Dec 10 2016

CDC Reports Improvement in Childhood Obesity among Young Children

A new study shows that 34 of 56 WIC State Agencies are seeing modest decreases in obesity among young children from 2010-2014. The percentage of low-income children (ages 2-4) with obesity enrolled in the Special Supplemental Nutrition Program for Women, Infants, and Children (WIC) decreased from 15.9% in 2010 to 14.5% in 2014. These findings come from a study from the Centers for Disease Control and Prevention (CDC) and the United States Department of Agriculture (USDA). Researchers analyzed obesity trends from 2000 to 2014 among young children aged 2-4 years from low-income families enrolled in (WIC). The study was recently published in the Morbidity and Mortality Weekly ReportTrends in Obesity among Participants Aged 2-4 Years in the Supplemental Nutrition Program for Women, Infants, and Children—United States, 2000-2014 Summary What is already known about this topic? Previous analyses using Pediatric Nutrition Surveillance System (PedNSS) data found that during 2008–2011, obesity prevalence among children aged 2–4 years who participated in the Special Supplemental Nutrition Program for Women, Infants, and Children (WIC) and other nutrition and health programs declined slightly overall, among non-Hispanic whites, non-Hispanic blacks, Hispanics, and Asians/Pacific Islanders, and in 19 of 43 states and U.S. territories. What is added by this report? The WIC Participants and Program Characteristics (WIC PC) census data replace the PedNSS system to report obesity prevalence among low-income young children from more jurisdictions consistently. This is the first study to use WIC ...

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Mar 07 2014

World Health Organization To Focus On Global Sugar Intake

From a World Health Organization (WHO) Report: Free sugars contribute to the overall energy density of diets. Ensuring energy balance is critical to maintaining healthy body weight and ensuring optimal nutrient intake. There is increasing concern that consumption of free sugars, particularly in the form of sugar-sweetened beverages, may result in both reduced intake of foods containing more nutritionally adequate calories and an increase in total caloric intake, leading to an unhealthy diet, weight gain and increased risk of noncommunicable diseases (NCDs). Also of great concern is the role free sugars play in the development of dental diseases, particularly dental caries. Dental diseases are the most prevalent NCDs globally and though great improvements in prevention and treatment have occurred in the last decades, dental diseases continue to cause pain, anxiety, functional limitation and social handicap through tooth loss, for large numbers of people worldwide. The treatment of dental diseases is expensive—costing between 5 and 10% of health budgets in industrialised countries—and would exceed the financial resources available for the whole of health care for children in the majority of lower-income countries. The objective of this guideline is to provide recommendations on the consumption of free sugars to reduce the risk of NCDs in adults and children, with a particular focus on the prevention and control of weight gain and dental caries. When finalized, the recommendations in this guideline can be used by program managers and policy planners to assess current intake of free sugars relative to a benchmark and develop measures to decrease intake of ...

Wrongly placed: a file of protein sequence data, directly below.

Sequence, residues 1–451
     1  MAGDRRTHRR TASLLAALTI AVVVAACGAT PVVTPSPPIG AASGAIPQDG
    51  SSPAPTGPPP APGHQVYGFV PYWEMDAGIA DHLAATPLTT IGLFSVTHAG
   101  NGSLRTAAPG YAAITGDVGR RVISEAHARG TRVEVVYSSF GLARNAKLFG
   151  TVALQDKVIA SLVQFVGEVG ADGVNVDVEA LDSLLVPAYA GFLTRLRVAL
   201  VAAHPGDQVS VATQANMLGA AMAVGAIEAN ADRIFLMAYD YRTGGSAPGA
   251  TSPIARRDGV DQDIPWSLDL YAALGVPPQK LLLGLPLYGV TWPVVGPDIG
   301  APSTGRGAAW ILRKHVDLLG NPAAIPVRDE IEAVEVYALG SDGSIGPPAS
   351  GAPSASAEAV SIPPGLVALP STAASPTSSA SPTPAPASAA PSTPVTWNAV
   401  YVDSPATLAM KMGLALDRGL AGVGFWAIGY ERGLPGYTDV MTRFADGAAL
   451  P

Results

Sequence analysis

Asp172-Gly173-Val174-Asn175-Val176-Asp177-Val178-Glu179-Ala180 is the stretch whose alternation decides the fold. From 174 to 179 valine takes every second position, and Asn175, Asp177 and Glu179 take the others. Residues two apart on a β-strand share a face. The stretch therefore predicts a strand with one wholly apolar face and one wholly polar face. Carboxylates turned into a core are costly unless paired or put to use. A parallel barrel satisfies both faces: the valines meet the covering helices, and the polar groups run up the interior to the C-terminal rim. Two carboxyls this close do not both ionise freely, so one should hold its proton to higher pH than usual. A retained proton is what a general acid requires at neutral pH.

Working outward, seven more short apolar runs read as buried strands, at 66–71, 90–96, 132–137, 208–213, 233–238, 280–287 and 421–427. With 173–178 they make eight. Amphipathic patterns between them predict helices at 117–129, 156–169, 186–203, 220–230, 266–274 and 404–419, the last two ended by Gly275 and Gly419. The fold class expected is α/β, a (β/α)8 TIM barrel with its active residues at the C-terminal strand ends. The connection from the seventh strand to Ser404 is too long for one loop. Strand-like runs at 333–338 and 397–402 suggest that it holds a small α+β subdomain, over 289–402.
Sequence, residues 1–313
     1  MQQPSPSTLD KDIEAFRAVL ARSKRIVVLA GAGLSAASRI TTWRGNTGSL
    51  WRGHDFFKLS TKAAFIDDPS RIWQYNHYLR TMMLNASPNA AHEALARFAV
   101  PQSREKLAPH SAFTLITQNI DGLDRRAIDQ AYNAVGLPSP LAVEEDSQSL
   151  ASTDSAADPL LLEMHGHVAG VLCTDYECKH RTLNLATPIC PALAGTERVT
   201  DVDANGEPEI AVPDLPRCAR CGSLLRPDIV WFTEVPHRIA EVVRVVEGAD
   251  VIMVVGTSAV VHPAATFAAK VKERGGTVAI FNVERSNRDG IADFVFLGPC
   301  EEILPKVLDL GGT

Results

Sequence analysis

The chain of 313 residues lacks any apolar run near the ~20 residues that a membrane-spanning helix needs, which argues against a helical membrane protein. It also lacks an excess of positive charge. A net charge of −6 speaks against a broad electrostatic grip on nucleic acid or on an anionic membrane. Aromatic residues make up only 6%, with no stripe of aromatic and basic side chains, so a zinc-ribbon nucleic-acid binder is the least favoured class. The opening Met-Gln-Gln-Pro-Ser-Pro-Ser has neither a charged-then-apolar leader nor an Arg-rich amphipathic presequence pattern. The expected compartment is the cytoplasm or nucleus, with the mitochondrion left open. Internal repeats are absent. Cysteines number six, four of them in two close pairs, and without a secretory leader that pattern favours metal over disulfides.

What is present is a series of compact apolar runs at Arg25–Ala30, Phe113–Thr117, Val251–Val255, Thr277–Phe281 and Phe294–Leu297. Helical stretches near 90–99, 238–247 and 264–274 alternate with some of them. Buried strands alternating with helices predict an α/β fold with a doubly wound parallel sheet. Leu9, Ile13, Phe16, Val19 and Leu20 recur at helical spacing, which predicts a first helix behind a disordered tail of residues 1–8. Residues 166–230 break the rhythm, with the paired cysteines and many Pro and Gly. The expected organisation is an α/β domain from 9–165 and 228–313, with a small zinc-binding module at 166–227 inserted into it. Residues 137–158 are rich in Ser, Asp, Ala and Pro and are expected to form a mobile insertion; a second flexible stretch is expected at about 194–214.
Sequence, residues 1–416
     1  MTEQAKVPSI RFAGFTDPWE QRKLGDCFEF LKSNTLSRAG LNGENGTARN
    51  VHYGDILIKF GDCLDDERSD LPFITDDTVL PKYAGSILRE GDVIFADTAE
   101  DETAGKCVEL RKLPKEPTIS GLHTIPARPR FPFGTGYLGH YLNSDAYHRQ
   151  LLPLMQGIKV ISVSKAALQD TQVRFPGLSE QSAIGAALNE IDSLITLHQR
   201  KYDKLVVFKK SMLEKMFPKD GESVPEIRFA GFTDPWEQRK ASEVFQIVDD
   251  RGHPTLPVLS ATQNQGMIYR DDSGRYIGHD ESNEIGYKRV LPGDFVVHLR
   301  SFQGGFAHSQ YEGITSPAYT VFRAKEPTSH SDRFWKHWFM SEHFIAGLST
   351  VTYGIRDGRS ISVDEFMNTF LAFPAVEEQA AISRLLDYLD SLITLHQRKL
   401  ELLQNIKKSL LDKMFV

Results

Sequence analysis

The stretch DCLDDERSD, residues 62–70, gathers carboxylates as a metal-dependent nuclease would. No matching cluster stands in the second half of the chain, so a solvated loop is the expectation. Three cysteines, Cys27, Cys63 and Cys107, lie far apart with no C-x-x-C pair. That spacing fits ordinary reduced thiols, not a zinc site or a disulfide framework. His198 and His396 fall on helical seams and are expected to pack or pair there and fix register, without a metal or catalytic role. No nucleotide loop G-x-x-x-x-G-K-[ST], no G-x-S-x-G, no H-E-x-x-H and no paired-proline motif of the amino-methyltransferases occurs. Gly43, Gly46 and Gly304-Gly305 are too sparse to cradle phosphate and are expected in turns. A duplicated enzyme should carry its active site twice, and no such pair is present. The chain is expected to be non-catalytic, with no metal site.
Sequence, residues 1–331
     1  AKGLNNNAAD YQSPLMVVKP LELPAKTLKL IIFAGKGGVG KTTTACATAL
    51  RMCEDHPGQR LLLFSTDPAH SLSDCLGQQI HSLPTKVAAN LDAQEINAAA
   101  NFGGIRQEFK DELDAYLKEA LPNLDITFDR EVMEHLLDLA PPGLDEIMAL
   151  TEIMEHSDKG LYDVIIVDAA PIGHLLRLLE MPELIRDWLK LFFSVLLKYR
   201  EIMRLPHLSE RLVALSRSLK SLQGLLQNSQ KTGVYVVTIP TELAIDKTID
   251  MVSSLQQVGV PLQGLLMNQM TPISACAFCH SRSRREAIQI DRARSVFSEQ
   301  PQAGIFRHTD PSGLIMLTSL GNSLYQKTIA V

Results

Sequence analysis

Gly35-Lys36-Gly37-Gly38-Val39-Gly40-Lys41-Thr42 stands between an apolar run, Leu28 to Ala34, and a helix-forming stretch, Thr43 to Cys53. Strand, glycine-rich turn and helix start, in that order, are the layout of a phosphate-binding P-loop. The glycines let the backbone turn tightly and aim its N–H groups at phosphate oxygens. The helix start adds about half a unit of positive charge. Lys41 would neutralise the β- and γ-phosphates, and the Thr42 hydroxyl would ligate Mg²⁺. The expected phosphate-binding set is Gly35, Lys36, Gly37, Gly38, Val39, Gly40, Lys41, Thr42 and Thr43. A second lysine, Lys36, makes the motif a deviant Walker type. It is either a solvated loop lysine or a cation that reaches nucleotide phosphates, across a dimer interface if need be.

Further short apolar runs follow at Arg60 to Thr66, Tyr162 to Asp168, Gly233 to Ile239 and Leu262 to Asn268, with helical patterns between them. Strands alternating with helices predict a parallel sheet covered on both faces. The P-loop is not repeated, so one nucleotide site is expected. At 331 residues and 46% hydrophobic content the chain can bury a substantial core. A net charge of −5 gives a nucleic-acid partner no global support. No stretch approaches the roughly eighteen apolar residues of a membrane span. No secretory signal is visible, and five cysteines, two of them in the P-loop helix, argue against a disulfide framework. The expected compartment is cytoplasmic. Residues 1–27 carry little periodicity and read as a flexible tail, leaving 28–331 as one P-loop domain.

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Dec 18 2013

Are You Getting Enough Physical Activity?